Macmillan Childrens Publishing Group
Life in Code

Life in Code

A Personal History of Technology

Ellen Ullman

MCD

READ AN EXCERPT →

BUY THE BOOK

Hardcover

The never-more-necessary return of one of our most vital and eloquent voices on technology and culture, the author of the seminal Close to the Machine

The last twenty years have brought us the rise of the internet, the development of artificial intelligence, the ubiquity of once unimaginably powerful computers, and the thorough transformation of our economy and society. Through it all, Ellen Ullman lived and worked inside that rising culture of technology, and in Life in Code she tells the continuing story of the changes it wrought with a unique, expert perspective.

When Ellen Ullman moved to San Francisco in the early 1970s and went on to become a computer programmer, she was joining a small, idealistic, and almost exclusively male cadre that aspired to genuinely change the world. In 1997 Ullman wrote Close to the Machine, the now classic and still definitive account of life as a coder at the birth of what would be a sweeping technological, cultural, and financial revolution.

Twenty years later, the story Ullman recounts is neither one of unbridled triumph nor a nostalgic denial of progress. It is necessarily the story of digital technology’s loss of innocence as it entered the cultural mainstream, and it is a personal reckoning with all that has changed, and so much that hasn’t. Life in Code is an essential text toward our understanding of the last twenty years—and the next twenty.

EXCERPT

Outside of Time

REFLECTIONS ON THE PROGRAMMING LIFE

1994





I.

People imagine that programming is logical, a process like fixing a clock. Nothing could be further from the truth. Programming is more like...

Reviews

Praise for Life in Code

“This book is an original. It reads like a memoir, personal and compelling. But it’s also a set of savvy reflections about the unfolding of digital culture as it became mainstream culture and we all learned to live with its aesthetic, values, and politics. Here, nothing about the inevitability or the virtue of these three are taken for granted. The question of our ‘post-humanity’ is tackled as just that, a question for human beings to discuss rather than a technical problem for programmers to dispense with. Life in Code will launch the most interesting conversations!” —Sherry Turkle, author of Alone Together and Reclaiming Conversation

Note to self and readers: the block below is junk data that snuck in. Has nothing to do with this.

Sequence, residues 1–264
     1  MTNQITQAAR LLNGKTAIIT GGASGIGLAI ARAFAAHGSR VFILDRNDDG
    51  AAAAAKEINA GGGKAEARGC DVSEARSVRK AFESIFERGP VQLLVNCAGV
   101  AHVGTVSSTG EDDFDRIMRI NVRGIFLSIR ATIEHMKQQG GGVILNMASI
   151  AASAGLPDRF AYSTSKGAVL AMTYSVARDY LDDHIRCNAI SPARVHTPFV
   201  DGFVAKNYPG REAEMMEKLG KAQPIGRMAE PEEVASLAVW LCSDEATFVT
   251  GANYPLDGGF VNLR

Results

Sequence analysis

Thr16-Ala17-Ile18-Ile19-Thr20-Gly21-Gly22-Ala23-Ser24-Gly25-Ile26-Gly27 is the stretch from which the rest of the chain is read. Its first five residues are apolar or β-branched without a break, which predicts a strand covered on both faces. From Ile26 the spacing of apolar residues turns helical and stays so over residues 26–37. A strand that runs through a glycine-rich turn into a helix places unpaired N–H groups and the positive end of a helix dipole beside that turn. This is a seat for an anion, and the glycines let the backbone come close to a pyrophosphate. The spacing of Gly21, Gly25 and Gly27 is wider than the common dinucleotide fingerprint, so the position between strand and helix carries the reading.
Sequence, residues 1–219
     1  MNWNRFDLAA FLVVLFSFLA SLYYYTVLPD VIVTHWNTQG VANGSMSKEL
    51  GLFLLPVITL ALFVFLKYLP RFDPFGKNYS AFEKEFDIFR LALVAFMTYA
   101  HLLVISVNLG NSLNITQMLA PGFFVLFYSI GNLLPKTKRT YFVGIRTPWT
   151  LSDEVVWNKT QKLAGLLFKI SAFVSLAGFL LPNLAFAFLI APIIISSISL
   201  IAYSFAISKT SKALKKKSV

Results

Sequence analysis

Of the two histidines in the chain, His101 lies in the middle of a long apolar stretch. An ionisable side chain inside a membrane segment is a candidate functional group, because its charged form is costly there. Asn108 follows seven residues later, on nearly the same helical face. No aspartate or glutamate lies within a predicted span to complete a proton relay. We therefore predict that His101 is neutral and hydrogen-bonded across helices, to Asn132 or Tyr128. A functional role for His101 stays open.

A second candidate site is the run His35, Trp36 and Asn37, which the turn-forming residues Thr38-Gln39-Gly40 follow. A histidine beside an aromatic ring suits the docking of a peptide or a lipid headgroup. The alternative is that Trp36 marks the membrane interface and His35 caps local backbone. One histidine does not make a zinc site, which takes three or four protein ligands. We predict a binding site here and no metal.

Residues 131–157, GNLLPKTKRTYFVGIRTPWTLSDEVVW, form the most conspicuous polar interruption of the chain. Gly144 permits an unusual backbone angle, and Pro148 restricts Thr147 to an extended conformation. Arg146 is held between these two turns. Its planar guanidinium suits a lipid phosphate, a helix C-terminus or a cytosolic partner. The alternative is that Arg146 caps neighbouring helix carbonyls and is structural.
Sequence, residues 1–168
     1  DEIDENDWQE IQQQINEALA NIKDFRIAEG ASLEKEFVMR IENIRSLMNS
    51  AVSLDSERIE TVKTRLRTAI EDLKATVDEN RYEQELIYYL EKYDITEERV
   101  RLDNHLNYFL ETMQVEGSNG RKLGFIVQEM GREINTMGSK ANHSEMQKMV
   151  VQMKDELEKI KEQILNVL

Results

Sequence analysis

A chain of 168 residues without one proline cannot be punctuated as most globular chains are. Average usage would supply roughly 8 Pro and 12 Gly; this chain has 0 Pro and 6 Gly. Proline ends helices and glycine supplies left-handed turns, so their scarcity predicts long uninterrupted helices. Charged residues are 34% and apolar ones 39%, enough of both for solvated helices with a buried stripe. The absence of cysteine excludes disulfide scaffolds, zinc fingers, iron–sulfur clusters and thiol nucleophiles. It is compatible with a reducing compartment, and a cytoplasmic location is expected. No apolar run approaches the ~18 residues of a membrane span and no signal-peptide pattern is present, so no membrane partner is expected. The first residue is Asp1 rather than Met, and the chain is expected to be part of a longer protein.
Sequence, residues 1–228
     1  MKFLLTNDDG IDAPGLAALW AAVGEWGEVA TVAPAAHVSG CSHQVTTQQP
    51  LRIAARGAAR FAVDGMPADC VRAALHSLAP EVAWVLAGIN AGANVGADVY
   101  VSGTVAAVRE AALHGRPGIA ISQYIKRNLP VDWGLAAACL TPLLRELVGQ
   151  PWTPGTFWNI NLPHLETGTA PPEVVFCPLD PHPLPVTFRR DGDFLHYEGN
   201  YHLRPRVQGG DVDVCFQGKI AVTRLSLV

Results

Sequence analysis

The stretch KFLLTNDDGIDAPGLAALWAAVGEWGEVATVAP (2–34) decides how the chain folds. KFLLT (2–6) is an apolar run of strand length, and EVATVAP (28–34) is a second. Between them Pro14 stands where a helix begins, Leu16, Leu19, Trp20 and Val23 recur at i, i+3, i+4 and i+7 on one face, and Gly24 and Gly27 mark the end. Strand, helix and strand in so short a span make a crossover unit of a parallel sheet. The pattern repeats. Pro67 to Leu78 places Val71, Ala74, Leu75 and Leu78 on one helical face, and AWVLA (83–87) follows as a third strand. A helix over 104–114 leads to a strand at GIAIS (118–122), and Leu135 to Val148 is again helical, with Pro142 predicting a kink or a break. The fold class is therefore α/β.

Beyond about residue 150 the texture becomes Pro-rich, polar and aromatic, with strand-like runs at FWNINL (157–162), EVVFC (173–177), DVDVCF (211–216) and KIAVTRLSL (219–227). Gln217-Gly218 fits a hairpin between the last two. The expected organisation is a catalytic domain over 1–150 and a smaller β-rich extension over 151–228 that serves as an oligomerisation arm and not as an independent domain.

"What is most engaging about this collection is that Ullman, an expert in the field, allows readers access to sometimes highly technical material, never pandering to the most obvious topics. For example, she does talk about the struggles of women in tech, but doesn't generalize. It would be too simple, too expected to rehash that story line . . . Her narratives throughout the book both recount historical events and reflect on how much technological advances have affected the core of both our humanity and our society." —Rebekah Miel, Bust

"Ullman is a rare breed . . . She offers a vivid, gripping window into what it is to be shaped by keyboard characters and machine . . . Ullman relishes tech's beauty while also fearing what it has created." —Jessica Bennett, Elle

"Ullman's takes on tech's gaines (iPhones, endless information) and drawbacks (decision paralysis, loneliness) are often witty and always accessible." —Real Simple

"Sharply written, politically charged . . . What Anthony Bourdain did for chefs, Ullman does for computer geeks." —Kirkus (starred review)

"Ullman maintains a healthy skepticism regarding the notion that technology will cure all that ails us . . . she brilliantly questions the computer’s capacity for sentience." —Ben Segedin, Booklist

Praise for Ellen Ullman

“Ullman is that rare member of the coding tribe: a translator who deeply understands the world we live in and the worlds we build with software . . . Her insights are finely wrought, philosophical, and lasting.” —Anna Wiener, The New Republic

“No one writes more eloquently than Ullman . . . about the peculiar mind-set of the people who create the digital tools we use every day.” —Laura Miller, Salon

“Ellen Ullman writes unsparingly of the vivid, compelling, emotionally driven souls who gave us our new machines.” —Geraldine Brooks, Pulitzer Prize-winning author of March

“[Ullman is] a strong woman standing up to, and facing down, ‘obsolescence’ in two different, particularly unforgiving worlds—modern technology and modern society.” —J. D. Biersdorfer, The New York Times Book Review

“Ullman comes with her tech bona fides intact (she is, after all, a seasoned software engineer). But she also comes with novel material . . . We see the seduction at the heart of programming: embedded in the hijinks and hieroglyphics are the esoteric mysteries of the human mind.” —Constance Hale, Wired

Reviews from Goodreads

About the author

Ellen Ullman

Ellen Ullman wrote her first computer program in 1978. She went on to have a twenty-year career as a programmer and software engineer. Her essays and books have become landmark works describing the social, emotional, and personal effects of technology. She is the author of two novels: By Blood, a New York Times Notable Book; and The Bug, a runner-up for the Pen/Hemingway Award. Her memoir, Close to the Machine, about her life as a software engineer during the internet's first rise, became a cult classic. Her new book, Life in Code: A Personal History of Technology, tells a continuing story of the technical world as she experienced it while living in its midst for more than two decades. She is based in San Francisco.

Ellen Ullman

Marion Ettlinger

Ellen Ullman

Tours & Events

Meet the Author

August 10 - September 7, 2017

Meet Ellen Ullman as she reads from her new book Life in Code: A Personal History of Technology.

READ THE FULL EXCERPT →